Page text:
VAT fraudster ordered to repay £2.2m

A man who falsely claimed to be an accountant and was sentenced for his role in a complex VAT repayment fraud involving fake construction companies, has now been ordered to repay more than £2.2m or face a further period in prison

Salim Sakaria, from Preston, was given a five-year jail sentence in May 2014, after admitting VAT fraud following a long and complex criminal investigation by HMRC which established he was one of the key players in an 11-strong crime gang that attempted to steal £4.2m between 2009 and 2011.

The gang, led by Sakaria, used 20 companies in an attempt to disguise the fraud, one of which was a genuine building company, while the other 19 were fake construction companies. They used ‘puppet’ directors, fake invoices and bogus building contracts for housing developments as a smokescreen to hide their criminal activity.

People were paid up to £35,000 to act as directors and allow the gang to use their names and addresses for the bogus companies to claim illegal VAT refunds. Twenty companies were repaid £2,932,084 for fake VAT claims before HMRC froze repayments.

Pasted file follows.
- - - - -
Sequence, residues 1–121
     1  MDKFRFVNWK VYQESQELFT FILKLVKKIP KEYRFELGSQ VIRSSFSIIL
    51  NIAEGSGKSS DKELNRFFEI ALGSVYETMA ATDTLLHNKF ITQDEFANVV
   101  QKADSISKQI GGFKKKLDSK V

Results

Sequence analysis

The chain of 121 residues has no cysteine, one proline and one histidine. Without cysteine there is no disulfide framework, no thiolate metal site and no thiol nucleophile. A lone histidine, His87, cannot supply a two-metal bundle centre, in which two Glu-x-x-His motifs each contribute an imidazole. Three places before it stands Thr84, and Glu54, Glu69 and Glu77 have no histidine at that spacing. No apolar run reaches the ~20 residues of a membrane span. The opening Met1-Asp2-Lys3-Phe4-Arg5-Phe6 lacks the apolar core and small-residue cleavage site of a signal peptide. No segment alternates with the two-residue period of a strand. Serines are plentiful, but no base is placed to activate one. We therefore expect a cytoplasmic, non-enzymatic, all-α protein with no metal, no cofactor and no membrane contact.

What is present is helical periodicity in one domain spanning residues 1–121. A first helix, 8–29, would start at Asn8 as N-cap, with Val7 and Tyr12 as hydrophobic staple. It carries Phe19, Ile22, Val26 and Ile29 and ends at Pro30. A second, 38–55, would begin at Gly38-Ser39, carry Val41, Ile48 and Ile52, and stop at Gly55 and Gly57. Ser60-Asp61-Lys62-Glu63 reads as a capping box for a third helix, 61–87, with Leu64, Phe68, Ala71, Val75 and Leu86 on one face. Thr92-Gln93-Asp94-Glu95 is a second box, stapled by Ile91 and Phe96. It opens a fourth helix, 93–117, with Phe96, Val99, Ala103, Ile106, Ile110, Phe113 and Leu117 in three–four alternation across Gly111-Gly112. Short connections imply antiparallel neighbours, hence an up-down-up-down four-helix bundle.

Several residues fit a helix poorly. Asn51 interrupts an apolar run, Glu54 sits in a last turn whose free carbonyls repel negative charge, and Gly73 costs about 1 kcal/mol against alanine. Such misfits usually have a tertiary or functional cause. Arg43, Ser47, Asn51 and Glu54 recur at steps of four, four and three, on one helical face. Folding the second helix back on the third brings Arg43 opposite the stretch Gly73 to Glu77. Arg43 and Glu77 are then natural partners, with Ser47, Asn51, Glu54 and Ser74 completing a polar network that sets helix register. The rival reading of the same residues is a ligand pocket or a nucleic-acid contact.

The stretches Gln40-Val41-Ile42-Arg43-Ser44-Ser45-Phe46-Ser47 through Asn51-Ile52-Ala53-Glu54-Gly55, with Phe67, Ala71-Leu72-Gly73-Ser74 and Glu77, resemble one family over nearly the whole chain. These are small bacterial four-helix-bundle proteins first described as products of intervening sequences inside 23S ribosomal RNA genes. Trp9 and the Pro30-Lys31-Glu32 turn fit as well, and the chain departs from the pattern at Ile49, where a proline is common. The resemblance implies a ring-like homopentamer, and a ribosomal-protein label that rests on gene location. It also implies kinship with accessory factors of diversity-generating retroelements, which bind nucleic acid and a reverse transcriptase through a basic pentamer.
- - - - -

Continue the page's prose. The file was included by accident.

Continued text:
Sakaria, who worked at Forte Accountants in Preston, lied about being an accountant. Voice recognition technology showed he had contacted HMRC by phone about the fraudulent VAT repayments.

The court case arising from HMRC’s investigation was held at Manchester Crown Court over several years, concluding in 2014 with jail sentences totalling 17 and a half years for 11 people.

At the time, HMRC investigators found that as well as owning six properties in the Preston area valued at £408,464, a designer watch and a Mercedes Benz car, Sakaria had almost £2m in cash generated by the fraud some of which had been transferred to Dubai.

He has now been ordered to repay £2,276,149 within three months or serve a further compulsory seven and a half years in jail as a default sentence.

HMRC investigators arranged a restraint of Sakaria’s assets while the confiscation proceedings progressed through the courts. Any sale of the restrained assets will now be used to fund the confiscation payment.

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